Hundred-word Reviews for May 2022, Part 2
I present five more reviews, in capsule form. Three of these are new releases; two are archival titles. All are deserving of deeper investigation.
Alice Austin – Goodnight Euphoria
Los Angeles-based singer-songwriter Austin has crafted a supremely satisfying slab of rock with Goodnight Euphoria. Her innate sense of pop songwriting is combined with expertly textured rock arrangements, and a production aesthetic that doubles down on the spiky, wiry feel of ‘90s alternarock. Guitars roar, but they’re placed into a musically hypnotic context that balances subtlety and power. The music defies simple genre pigeonholing, and there’s something here for most tastes. The songs have immediate appeal, yet gradually unfold to reveal themselves more fully. Though she sounds almost nothing like them, for me Austin has kindred spirits in A Camp.
Charlie Winton – The Soul and the Shadow
The jangle of ‘60s acts like The Byrds and ‘80s bands like Long Ryders continues to provide inspiration for artists today. Raspy-voiced troubadour Charlie Winton may well be one of those who has drawn from the ideas those groups put forth. A heartland-style rocker with a sounds that will warm the hearts of anyone who’s spent quality time with albums by The Band or Tom Petty and the Heartbreakers, Winton is a solid songwriter. The Soul and the Shadow (a Jungian allusion, perhaps?) are emotionally engaging and tuneful. The record features expert production (and loads of instrumentation) by Scott Mathews.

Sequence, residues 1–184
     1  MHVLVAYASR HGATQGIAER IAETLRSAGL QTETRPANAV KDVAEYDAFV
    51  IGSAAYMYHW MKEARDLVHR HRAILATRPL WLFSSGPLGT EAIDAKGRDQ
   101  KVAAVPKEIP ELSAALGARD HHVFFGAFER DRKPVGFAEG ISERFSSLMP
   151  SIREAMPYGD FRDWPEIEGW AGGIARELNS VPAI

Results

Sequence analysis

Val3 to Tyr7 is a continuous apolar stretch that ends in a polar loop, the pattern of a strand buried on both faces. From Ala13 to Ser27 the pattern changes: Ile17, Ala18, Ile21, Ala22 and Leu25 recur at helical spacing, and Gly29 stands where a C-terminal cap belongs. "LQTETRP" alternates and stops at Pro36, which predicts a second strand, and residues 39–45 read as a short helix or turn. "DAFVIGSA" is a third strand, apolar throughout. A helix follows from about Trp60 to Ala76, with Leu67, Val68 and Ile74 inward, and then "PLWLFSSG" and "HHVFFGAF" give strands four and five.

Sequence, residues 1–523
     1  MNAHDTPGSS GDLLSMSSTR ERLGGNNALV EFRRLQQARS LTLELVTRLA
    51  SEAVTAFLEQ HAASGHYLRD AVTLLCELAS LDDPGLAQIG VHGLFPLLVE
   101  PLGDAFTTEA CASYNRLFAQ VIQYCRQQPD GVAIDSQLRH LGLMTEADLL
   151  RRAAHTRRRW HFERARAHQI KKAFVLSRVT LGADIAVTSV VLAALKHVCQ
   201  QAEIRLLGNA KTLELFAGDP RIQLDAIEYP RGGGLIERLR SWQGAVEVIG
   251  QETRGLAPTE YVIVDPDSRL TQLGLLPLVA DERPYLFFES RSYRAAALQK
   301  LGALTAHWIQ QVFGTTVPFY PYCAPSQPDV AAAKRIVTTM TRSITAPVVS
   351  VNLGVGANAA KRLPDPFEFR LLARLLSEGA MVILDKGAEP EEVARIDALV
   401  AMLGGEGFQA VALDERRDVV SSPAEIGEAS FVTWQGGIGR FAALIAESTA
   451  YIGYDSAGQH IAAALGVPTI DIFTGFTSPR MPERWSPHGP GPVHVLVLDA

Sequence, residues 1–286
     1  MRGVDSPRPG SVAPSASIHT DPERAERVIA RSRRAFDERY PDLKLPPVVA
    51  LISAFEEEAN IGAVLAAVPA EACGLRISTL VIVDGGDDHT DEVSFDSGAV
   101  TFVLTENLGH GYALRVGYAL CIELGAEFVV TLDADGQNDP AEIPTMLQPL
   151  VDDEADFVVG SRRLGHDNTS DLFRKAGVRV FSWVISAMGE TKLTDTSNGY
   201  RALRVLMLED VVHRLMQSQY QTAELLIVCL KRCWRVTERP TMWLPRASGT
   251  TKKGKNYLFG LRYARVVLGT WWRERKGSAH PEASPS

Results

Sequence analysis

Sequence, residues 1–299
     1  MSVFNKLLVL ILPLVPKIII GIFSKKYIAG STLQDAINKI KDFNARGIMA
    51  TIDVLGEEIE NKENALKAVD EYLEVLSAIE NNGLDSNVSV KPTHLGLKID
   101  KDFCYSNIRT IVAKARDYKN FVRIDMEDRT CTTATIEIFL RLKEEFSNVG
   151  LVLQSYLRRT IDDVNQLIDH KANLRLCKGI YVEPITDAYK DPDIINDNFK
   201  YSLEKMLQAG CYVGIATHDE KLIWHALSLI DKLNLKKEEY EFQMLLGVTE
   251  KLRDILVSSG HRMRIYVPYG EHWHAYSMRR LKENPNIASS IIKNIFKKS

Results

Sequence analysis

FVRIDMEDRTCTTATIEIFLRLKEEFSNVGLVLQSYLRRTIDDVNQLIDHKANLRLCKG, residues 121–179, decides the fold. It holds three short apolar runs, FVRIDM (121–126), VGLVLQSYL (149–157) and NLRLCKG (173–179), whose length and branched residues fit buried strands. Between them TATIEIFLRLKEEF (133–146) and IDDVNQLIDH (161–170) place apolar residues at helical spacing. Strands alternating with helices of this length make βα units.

Nick Piunti – Heart Inside Your Head
There’s something about Detroit. Sure, Motown was responsible for countless classic songs, but the rock end of things in Motor City has long been characterized by a harder edge: MC5, Stooges, Amboy Dukes, Alice Cooper. Combining that quality with a strong melodic sense, Nick Piunti is nominally a powerpop artist. But his work deserves recognition beyond that narrow slice of the musical landscape. With a hoary voice reminiscent of Mike Viola, Piunti writes hook-filled rockers and delivers them with verve and passion. There’s no artifice or filigree on Heart Inside Your Head, and absolutely none is needed. Long live rock!
Bobby Cole – A Point of View
What would happen if you combined Mel Torme, Tony Bennett and Dean Martin? If you’re lucky, you might get somebody like Bobby Cole. A breathtakingly expressive pianist, Cole could sing circles around his contemporaries. Drawing from countless styles, Cole made a stunning album, A Point of View, originally released in 1967. That was perhaps a bit late for the style in which he was working. The album did well in New York City but was largely unheard elsewhere. A new Omnivore reissue adds 13 bonus tracks that showcase Cole’s versatility and range. Listen and be dazzled, moved, thrilled, entranced.
The Muffs – Really Really Happy
After making delightful retro-garage with The Pandoras, Kim Shattuck put The Muffs together as a vehicle for her sharp songwriting and wonderfully expressive vocals. “Pop punk” often gets a bad rap as inconsequential, and often deserves the criticism. But The Muffs rose above such concerns, making some of the best music to come out of that scene. The economical trio of Shattuck, bassist Ronnie Barnett and drummer Roy McDonald was at the top of its game – that’s saying something – with 2004’s Really Really Happy. A new Omnivore reissue adds 19(!) Shattuck demos that display her genius in slightly less-finished form.